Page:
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The Speckle camera of the TNG

The adaptive optics system of TNG AdOpt@TNG is equipped with a real-time speckle camera having diffraction limited imaging capabilities at visible wavelegths.

The astronomical target is reimaged, through the AdOpt@TNG optical train and a dedicated objective, on an intensified (one stage MCP) TV camera. The frames (25 per second) are equidistributed between three PCs which provide to perform the mathematical transformations required. At the end of the integration time the collected and transformed data are available to the user. During this process no frames are lost. The paper cointaining the detailed description of the TNG speckle camera is downloadable here and for quick view of its capabilities please refer to the AdOpt@TNG first light (21 Dec 1998).

Two kind of data are available:

  • Power spectrum of the luminosity distribution of the target, suitable for the calculation of the autocorrelation function (Labeyrie method).

  • Shift and add of the single frames, based on the recentering of the brightest pixel.

The speckle camera doesn't provide direct diffraction limit imaging (i.e. Knox & Thompson method, Speckle Masking method).

The data are in the form of a 128 x128 pixel matrix, with a pixel size of 0.027", giving a field of view of 3.5" x 3.5". A set of filters is available:

Filters Available
Lambda [nm] Bandwidth [nm] Notes
475 30 b Strömgren
547 30 y Strömgren
550 10 C2
570 10 C2 continuum
650 10 ZrO
660 10 H alpha
670 10 TiO
580 100 wide band

The camera integration time (from 2 to 20ms) and gain are adjustable.



Suggestions for the observations

This speckle camera is suitable for the following purposes:

  • To resolve double o multiple stars of very small separation.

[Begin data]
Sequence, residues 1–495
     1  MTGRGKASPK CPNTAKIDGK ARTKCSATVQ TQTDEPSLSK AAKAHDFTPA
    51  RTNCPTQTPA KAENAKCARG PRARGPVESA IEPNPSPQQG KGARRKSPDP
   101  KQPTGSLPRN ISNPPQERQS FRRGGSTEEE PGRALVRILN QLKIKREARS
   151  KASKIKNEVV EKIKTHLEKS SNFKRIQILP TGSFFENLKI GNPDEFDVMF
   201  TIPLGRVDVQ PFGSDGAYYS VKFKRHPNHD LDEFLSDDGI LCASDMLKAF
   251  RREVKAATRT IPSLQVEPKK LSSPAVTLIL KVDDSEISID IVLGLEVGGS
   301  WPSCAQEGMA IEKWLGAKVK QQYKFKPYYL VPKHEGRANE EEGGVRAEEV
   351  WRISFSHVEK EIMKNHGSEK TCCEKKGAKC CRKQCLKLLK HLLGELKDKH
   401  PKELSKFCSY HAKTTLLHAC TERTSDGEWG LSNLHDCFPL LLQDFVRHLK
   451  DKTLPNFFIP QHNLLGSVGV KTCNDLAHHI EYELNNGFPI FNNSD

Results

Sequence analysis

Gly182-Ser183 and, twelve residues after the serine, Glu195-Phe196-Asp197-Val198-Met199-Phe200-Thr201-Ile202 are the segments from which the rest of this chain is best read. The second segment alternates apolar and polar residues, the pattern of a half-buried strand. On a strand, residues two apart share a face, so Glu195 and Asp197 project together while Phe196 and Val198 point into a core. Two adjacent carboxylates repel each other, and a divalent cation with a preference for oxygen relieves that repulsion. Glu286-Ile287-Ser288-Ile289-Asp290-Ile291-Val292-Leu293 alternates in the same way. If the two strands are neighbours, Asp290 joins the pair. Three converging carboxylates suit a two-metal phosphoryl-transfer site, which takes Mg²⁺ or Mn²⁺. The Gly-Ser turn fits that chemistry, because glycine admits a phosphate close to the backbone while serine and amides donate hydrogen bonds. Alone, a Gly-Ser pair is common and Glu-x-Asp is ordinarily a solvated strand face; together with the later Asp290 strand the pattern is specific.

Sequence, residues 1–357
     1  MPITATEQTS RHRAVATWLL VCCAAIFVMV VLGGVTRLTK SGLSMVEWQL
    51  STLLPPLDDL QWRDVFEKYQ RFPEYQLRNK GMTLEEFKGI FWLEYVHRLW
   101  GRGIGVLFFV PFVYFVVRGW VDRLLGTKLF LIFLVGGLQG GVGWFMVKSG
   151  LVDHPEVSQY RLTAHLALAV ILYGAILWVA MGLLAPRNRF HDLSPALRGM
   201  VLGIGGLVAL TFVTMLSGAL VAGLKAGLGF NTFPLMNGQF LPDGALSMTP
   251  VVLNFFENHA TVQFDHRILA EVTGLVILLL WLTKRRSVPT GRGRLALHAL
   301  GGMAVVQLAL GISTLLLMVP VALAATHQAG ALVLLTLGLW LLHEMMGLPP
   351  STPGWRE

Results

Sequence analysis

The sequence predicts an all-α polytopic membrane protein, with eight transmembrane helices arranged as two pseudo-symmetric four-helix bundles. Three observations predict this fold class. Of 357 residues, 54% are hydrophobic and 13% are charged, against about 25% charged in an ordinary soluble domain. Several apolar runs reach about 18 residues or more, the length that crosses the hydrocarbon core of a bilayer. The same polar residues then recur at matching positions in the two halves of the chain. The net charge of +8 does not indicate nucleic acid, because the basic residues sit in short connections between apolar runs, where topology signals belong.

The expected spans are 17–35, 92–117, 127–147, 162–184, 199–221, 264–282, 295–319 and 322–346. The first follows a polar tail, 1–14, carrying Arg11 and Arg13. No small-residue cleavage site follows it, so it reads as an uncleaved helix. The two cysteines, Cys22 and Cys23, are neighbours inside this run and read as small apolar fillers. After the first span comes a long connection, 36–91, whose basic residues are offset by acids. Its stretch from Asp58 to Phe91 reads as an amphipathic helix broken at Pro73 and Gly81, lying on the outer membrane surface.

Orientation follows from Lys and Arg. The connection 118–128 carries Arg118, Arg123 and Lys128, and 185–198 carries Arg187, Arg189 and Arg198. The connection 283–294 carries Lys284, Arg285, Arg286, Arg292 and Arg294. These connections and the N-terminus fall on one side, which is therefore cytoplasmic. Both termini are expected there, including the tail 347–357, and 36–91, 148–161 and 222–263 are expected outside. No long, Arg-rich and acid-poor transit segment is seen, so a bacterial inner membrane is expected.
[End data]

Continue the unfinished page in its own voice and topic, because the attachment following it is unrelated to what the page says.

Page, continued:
• To determine shape and angular dimensions of objects with very small angular size.

In order to deconvolve the collected data from the atmospheric speckle transfer function (STF), a nearby single reference star must be observed.

Due to the short time scale, temporal and spatial, variations of the seeing behaviour, the STF obtained observing the reference star should not differ from the STF affecting the observed target: as for near infrared observations, every few minutes it is necessary to switch between reference and target as many times as requested by the total integration time.

The reference star must follow some constraints:

  • It must be a point like source (mandatory).
  • Its distance from the astronomical target must not exceed 5 degrees (strict).
  • Its magnitude must be comparable with the target's one (not so strict).

Despite this constraints it is quite easy to find a suitable reference star.

A mandatory constraint is concerning the astronomical target angular size: is must be smaller than one half of the field of view, that is 1.7".

The smaller are the single frame integration time, the filter bandwith and the seeing angular size and the larger is the signal to noise ratio achievable. In general speckle interferometry observations can be performed successfully when seeing is under 2".

In the case of binary or multiple systems the magnitude difference between the components strongly affects the sensitivity of the analysis: it is recommended that this difference is not larger than 3 magnitudes.

The limiting magnitude is forseen between 11 and 13 depending on the seeing conditions.


For any comments please contact Adriano Ghedina.